In situ hybridization of mRNA has long been a standard laboratory practice. Over recent years, the technique has evolved from the laborious sectioning of tissues and treatment with radioactive probes to the easier colorimetric (and occasionally fluorescent) methods now in use. Recent issues of CSH Protocols featured articles detailing in situ hybridization in Xenopus, Drosophila (here as well), and cultured cells.

November’s issue of CSH Protocols provides a full set of instructions for in situ hybridization on mouse embryos, as well as a cutting-edge method for imaging real-time gene expression in living systems with single-transcript resolution.

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The mouse protocols provide instructions for using both sections and whole-mount in situ hybridization.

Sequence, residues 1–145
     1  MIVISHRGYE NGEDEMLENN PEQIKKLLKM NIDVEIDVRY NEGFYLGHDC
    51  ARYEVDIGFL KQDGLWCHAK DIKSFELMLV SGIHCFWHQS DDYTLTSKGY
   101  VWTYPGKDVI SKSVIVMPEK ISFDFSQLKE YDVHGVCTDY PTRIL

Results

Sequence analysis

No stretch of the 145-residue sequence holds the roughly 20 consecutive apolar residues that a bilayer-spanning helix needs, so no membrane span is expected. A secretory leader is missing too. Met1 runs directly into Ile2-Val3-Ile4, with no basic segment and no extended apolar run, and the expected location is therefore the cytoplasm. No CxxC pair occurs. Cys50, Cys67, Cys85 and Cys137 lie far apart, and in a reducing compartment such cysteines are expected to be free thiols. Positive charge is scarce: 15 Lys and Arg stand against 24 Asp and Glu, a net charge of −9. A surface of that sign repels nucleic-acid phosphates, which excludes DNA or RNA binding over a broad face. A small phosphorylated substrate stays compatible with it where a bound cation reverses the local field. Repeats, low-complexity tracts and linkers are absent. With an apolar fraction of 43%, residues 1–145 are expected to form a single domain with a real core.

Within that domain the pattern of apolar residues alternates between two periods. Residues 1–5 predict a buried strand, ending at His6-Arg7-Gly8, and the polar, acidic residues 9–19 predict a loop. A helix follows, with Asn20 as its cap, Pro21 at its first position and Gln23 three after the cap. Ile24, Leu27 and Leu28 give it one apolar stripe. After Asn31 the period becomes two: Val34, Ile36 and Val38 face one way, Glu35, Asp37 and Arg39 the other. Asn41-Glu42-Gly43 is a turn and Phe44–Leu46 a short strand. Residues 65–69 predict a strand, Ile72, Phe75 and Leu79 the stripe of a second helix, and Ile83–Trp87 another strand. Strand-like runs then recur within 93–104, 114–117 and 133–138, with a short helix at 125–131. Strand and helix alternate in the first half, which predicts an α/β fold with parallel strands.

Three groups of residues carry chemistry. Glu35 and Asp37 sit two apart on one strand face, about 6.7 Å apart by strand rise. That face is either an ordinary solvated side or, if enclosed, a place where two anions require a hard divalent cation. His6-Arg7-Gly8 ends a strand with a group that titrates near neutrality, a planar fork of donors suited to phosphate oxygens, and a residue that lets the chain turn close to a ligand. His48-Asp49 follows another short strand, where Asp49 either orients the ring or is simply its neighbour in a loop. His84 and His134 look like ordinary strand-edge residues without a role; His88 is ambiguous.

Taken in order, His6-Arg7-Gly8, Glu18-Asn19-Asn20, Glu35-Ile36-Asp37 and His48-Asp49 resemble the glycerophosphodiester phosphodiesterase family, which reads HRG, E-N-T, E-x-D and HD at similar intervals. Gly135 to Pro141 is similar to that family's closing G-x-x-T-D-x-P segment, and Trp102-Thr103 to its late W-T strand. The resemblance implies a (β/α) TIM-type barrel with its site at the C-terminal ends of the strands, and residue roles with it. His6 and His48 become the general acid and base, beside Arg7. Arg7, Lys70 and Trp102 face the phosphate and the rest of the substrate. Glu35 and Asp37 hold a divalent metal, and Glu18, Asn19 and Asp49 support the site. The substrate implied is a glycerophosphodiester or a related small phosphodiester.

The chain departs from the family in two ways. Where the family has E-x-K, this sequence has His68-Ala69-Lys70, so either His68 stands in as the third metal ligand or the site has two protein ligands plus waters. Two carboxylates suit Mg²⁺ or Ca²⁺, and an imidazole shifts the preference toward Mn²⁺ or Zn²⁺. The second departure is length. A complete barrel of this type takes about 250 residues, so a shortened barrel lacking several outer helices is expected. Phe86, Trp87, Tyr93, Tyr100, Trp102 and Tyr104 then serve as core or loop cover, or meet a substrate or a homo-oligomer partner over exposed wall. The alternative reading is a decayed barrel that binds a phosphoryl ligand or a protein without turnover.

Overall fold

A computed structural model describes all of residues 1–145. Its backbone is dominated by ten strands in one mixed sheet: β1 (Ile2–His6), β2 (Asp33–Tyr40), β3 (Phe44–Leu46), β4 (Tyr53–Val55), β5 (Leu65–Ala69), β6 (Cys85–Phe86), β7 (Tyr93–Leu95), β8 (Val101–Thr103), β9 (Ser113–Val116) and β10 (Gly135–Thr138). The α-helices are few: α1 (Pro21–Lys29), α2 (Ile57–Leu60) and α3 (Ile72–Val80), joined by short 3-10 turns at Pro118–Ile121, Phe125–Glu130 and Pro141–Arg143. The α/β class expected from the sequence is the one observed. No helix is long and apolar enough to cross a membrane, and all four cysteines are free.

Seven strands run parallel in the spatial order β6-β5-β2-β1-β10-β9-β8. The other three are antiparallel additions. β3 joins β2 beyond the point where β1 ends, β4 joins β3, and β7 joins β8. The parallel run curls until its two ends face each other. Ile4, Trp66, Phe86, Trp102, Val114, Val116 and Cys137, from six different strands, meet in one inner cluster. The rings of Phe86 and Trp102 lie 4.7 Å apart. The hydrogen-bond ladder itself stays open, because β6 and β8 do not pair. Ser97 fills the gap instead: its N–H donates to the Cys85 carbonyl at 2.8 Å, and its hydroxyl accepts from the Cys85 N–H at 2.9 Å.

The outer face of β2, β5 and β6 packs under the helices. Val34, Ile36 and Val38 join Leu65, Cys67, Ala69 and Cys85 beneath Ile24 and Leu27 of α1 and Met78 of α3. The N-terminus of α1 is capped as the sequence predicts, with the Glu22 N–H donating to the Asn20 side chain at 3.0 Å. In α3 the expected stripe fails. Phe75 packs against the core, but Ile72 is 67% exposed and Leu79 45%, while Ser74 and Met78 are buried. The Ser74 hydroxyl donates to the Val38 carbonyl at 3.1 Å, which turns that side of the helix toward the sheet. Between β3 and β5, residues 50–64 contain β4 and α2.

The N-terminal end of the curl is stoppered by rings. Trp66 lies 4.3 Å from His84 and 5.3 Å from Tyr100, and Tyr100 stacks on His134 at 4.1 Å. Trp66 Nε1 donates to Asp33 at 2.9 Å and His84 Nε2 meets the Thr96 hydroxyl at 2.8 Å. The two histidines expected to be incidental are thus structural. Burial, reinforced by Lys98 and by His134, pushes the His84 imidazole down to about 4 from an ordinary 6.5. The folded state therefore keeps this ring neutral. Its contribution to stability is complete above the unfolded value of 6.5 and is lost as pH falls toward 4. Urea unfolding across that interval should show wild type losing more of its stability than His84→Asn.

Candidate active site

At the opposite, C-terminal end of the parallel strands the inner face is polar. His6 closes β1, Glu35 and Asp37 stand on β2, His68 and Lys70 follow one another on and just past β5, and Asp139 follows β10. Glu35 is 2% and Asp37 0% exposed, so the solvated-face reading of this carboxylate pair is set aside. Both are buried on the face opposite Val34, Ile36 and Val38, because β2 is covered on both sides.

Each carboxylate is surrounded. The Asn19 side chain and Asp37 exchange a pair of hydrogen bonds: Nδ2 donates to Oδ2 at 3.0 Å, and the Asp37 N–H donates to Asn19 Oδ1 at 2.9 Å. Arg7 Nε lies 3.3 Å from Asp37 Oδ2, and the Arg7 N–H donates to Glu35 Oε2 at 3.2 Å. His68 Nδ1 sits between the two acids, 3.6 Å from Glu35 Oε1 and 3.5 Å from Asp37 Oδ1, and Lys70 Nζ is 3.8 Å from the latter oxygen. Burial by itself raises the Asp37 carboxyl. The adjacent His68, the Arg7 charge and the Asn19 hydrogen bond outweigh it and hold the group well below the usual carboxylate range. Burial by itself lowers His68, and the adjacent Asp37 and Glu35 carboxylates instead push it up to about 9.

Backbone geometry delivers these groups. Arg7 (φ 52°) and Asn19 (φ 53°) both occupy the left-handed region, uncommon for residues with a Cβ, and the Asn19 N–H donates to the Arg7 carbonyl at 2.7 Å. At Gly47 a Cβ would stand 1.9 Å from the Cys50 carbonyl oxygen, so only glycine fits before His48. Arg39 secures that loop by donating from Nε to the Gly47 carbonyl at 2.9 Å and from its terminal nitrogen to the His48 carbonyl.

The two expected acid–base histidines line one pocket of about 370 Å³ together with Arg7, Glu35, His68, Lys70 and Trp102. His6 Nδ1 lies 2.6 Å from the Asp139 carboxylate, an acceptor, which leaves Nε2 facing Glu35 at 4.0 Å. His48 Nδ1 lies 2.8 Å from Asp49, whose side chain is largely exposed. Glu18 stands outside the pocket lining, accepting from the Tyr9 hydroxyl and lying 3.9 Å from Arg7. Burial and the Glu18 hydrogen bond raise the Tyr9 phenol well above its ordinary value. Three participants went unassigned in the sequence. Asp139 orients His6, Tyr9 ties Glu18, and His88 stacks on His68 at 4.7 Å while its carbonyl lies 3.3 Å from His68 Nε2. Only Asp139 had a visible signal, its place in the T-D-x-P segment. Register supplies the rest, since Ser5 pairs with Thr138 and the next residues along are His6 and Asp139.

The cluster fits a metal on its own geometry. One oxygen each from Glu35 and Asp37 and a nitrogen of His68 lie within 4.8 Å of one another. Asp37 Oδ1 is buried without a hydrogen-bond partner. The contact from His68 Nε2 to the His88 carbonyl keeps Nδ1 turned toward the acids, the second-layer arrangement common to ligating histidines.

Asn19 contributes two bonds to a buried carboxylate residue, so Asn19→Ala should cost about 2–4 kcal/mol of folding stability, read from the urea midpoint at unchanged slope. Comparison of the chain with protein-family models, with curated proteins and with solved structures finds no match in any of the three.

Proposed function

For sections, there are protocols for preparing glass slides and coverslips, , embedding tissues for sectioning, dewaxing and rehydrating sections, and in situ hybridization with radioactive probes to sections (while a more difficult procedure, this still gives finer resolution and lower background than colorimetric stains).

For whole mounts, instructions are given for embryo and probe preparation, hybridization, washes and histochemistry, followed by imaging and sectioning after hybridization.

For those interested in earlier development, techniques for handling and fixing blastocysts are given as well.

While all of the above are standard procedures in most laboratories, Robert Singer and colleagues bring us a set of new methods that extend our abilities to track transcripts even further, watching them in real time in living cells. Protocols are presented for construct design and system set-up, mammalian cells and yeast. Two protocols for image analysis in these systems are provided here and here.